MLA: voices of the incarcerated demanding to be heard

December 15, 2000

The world has been watching (and perhaps smirking) at the election problems of the nation sometimes considered the "leader of the free world". Much less media attention has focused on the roughly 4 million US citizens permanently denied their right to vote because of a felony conviction (400,000 in Florida alone). The disenfranchisement of these prisoners and former prisoners is only one of the ways in which they are silenced. So, what voice do prisoners have? Prison writing reveals a hidden history of the society in which it is produced. By writing, prisoners assert their presence, even though they are absent by virtue of being locked up.

Prison literature might be considered a hybrid genre. Its formal boundaries are fluid, its content diverse. It comprises works by writers who are imprisoned and by prisoners who become writers. It encompasses texts written both in prison and after prison. It includes the work of convicted criminals as well as political prisoners. Literature of incarceration takes many forms, including letters, autobiographies, memoirs, journals or diaries, novels, poetry, manifestos, essays and political philosophy. The prison experience might be the focus or subject of a text, an impetus for writing, or the motivation for a political or social cause.
 
Some of the world's most famous artists, writers and philosophers have been imprisoned, while other prisoners have gone on to become intellectual and political leaders. When we think of prison writing, we might think of Antonio Gramsci's notebooks and Mikhail Bakhtin's cigarette papers. We might also consider the letters of Wei Jingsheng; the political manifesto of Eugene Debs; the prison memoirs of Ruth First; the autobiographies of Malcolm X and Nelson Mandela; the poetry of Wole Soyinka and Jack Mapanje; the novels of Aleksandr Solzhenitsyn; and the politically charged work of Mumia Abu-Jamal. The list is vast.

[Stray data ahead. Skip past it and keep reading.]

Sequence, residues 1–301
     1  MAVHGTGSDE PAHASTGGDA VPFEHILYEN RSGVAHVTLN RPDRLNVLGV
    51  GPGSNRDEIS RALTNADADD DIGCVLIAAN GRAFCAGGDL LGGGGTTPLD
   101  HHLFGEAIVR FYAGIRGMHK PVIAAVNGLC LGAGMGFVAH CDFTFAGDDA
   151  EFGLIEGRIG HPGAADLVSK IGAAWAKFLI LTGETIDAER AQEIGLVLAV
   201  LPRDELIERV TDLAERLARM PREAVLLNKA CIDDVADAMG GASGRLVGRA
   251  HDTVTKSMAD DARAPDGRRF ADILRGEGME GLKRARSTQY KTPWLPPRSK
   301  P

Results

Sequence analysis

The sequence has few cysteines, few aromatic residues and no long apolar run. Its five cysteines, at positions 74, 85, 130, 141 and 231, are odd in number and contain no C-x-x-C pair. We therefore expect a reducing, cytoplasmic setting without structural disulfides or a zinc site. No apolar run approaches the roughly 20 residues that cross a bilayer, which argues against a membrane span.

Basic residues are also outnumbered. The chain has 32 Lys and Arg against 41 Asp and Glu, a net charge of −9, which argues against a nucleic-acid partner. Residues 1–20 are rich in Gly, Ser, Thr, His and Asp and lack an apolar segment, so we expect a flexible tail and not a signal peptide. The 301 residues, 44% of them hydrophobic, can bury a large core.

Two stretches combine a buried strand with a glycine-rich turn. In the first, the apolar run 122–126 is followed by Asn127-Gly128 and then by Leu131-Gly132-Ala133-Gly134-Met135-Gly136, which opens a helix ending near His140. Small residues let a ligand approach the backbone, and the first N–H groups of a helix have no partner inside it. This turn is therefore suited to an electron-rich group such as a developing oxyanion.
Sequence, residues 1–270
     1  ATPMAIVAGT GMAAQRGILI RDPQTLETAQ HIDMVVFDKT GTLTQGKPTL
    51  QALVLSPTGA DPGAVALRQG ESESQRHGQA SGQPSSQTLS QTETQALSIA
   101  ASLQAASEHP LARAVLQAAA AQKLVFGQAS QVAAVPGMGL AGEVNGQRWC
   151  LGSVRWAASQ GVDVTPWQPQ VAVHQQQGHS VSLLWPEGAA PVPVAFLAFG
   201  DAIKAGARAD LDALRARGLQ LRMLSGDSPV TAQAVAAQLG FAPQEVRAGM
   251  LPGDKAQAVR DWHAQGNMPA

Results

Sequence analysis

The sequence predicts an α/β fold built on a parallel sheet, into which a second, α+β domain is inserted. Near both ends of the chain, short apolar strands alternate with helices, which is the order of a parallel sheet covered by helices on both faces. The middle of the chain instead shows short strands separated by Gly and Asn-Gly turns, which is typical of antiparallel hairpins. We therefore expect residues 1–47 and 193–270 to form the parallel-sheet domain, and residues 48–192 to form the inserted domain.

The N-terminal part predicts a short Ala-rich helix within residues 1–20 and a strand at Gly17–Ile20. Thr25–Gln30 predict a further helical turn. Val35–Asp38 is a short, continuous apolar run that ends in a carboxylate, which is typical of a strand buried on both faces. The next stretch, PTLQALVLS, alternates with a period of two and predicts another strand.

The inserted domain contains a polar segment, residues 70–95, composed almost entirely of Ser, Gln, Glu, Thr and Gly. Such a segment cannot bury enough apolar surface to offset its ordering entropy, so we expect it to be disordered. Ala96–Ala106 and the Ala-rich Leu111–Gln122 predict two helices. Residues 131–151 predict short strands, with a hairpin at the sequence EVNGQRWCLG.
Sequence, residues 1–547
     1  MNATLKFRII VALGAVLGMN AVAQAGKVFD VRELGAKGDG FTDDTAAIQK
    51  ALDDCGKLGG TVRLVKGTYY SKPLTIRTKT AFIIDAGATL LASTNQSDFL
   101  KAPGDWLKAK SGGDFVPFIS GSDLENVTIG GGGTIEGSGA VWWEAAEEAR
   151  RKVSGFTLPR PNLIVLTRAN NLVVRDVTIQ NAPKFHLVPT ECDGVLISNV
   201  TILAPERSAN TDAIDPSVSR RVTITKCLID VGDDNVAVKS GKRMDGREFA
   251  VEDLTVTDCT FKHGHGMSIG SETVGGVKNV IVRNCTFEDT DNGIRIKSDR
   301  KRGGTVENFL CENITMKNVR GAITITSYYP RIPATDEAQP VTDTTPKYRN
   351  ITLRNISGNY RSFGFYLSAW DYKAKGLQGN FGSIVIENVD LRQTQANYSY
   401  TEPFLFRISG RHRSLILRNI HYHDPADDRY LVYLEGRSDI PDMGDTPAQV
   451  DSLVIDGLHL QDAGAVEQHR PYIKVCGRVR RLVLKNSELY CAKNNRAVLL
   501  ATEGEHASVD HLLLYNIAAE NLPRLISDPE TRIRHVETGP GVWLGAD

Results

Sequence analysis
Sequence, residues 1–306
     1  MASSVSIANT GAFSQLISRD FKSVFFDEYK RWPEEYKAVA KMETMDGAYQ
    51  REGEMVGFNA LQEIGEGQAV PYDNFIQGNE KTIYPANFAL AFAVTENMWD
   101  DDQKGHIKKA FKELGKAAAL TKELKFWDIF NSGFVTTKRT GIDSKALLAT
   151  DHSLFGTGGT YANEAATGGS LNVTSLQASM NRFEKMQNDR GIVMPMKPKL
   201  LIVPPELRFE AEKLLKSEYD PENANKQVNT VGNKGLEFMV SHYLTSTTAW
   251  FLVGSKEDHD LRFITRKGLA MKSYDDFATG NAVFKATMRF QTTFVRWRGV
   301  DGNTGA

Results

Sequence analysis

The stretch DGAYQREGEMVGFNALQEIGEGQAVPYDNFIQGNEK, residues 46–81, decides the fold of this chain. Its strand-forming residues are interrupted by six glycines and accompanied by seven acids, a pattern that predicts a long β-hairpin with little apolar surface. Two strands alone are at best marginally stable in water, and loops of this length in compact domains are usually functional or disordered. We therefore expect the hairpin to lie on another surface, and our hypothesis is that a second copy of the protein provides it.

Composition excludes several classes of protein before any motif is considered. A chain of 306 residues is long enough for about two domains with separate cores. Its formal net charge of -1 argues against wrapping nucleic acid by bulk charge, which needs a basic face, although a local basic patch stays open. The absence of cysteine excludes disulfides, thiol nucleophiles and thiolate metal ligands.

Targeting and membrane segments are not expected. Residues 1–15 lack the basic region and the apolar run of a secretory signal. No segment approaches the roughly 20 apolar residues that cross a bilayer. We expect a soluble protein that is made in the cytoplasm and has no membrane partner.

Prison writing often calls attention to major flaws in society. Moreover, it poses numerous questions about gender, racial and class hierarchies, as well as social justice and historical understanding. How is it marked by gender, class, race, or ethnicity? Should we read prison texts as appeals to an alternate court, or as a history of resistance? The critical force and sociopolitical insights of these works cannot be ignored.

Academic interest in the relationship between gender and prison writing has grown in the past decade. Barbara Harlow's examination of the writing of women political prisoners, Barred: Women, Writing and Political Detention (1992), puts it in the context of broader research on women, revolution and representation. The prison memoirs by Salvadoran guerrilleras Ana María Martínez and Nidia Díaz, for example, not only testify to the violence of that nation's civil war, but draw attention to women's emerging role in political affairs in Latin America during the latter half of the 20th century.

In the context of civil war, revolution, or social unrest, all prisoners are political. Prison texts accentuate the violence of a society at war, but also problematise the appearance of peace and order in a "civil" society. After all, writing by political prisoners and convicted criminals often challenges norms of justice and the existing social order. The conditions of incarceration also draw attention to broader forms of social control. Prison literature could, both literally and figuratively, be described as writing against the law.

Prison is frequently a site of political awakening. Perhaps the most famous example of this is The Autobiography of Malcolm X , but there are numerous other examples. A product of a racially oppressive society, Malcolm X achieved intellectual maturity and political consciousness in prison through reading and writing. His access to knowledge through books led him to say: "Up to then, I never had been so truly free in my life."